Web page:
Everything you ever wanted to know about Brexit – but didn’t have time to read
January 2017 • Brexit • by Panagiotis Asimakopoulos
There are few issues more challenging for the City of London and the financial services industry than the impact of Brexit. Yet there are few things less enticing than the prospect of reading the many dozens of often dense reports that have been written on the subject. We’ve read, translated and summarised nearly 50 reports on the implications of Brexit, so that you don’t have to. We’ve tried to boil down the essentials of each report, strip out the jargon and legalese, and cut back on the repetition and context to provide a short and accessible summary of the debate.
Download the full report here
In the interests of challenging preconceptions and stimulating debate, we have started our summary with the minority of reports that paint a relatively positive or optimistic future for the City of London and financial markets post-Brexit. It’s interesting to note that only one of these ‘optimistic’ reports attempts to quantify the short term impact of Brexit on the City (warning that financial services exports to the EU could fall by up to 50%).
It’s also interesting to note how the focus of the reports has shifted over time: the early reports from before the referendum and shortly afterwards focused on the advantages of staying in the single market and retaining passporting. But after a few months, most reports shifted their focus towards some sort of access to EU markets based on equivalence and the need for a transition period.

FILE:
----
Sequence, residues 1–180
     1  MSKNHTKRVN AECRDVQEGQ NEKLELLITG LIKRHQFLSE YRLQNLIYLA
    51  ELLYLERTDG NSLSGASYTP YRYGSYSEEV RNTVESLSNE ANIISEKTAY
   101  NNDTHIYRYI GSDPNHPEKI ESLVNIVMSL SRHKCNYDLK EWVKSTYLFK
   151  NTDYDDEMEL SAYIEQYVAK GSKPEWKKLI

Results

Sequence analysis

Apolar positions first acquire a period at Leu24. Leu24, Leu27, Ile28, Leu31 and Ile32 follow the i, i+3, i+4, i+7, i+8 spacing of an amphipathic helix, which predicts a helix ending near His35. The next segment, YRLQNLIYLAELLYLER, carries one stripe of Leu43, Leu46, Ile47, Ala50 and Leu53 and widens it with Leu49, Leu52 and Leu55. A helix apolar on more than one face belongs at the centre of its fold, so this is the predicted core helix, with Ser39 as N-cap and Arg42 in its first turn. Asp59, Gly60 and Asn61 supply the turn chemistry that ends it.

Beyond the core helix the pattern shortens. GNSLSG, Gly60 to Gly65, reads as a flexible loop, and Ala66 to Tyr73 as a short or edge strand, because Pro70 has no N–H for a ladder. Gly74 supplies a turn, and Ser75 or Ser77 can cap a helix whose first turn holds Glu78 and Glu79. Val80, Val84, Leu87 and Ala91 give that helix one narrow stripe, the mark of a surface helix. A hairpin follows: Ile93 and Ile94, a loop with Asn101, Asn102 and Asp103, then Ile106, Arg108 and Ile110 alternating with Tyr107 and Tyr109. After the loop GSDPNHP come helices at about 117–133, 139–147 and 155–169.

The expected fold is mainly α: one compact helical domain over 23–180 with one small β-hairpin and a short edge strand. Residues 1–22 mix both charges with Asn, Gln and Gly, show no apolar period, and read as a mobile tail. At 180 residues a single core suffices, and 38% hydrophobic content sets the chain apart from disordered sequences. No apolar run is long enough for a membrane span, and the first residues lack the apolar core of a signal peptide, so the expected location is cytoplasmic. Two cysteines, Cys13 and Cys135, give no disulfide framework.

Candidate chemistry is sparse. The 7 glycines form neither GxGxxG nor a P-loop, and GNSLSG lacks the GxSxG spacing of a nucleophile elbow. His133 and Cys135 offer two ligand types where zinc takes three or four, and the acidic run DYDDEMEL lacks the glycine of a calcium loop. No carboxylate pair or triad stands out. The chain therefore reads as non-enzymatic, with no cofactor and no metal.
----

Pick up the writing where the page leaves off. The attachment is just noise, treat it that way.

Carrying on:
This report is broken down into five parts:
* A 10-point summary of the ‘optimistic’ argument
* A 10-point summary of the ‘pessimistic’ argument
* A one sentence summary of every report in our sample
* A summary of the main points in each of the ‘optimistic’ reports
* A summary of the main points in each of the ‘neutral / pessimistic’ reports
The report is not intended to be read in one sitting. If you read nothing else, read the 10-point summaries of the optimistic case and the pessimistic case for Brexit. If you’re interested in the full range of views, read the one sentence summary of each report. And if you’re still going, read the full summaries of each report. We hope that it provides a useful summary of the range in different views and perspectives on the impact of Brexit, and acts as a reference to the vast (and growing) body of reports that have been written.
There was a wide range in the depth and quality of the reports, and to be clear, these summaries do not represent the views of New Financial. Condensing a 50 or 100 page report into a few bullet points is a challenge, and we apologise to any organisations and authors who feel that their report or views have been misrepresented. There were many reports that we read but chose not to include in this summary, mainly because we felt that they didn’t add to the debate.
Please send any queries (and any additional reports) to Panagiotis Asimakopoulos at firstname.lastname@example.org
At New Financial, our main interest in Brexit is on its potential impact on the development of bigger, better and more efficient capital markets in Europe. We are hosting a series of events this year on the different perspectives on Brexit in different countries, and will be publishing more research throughout the year.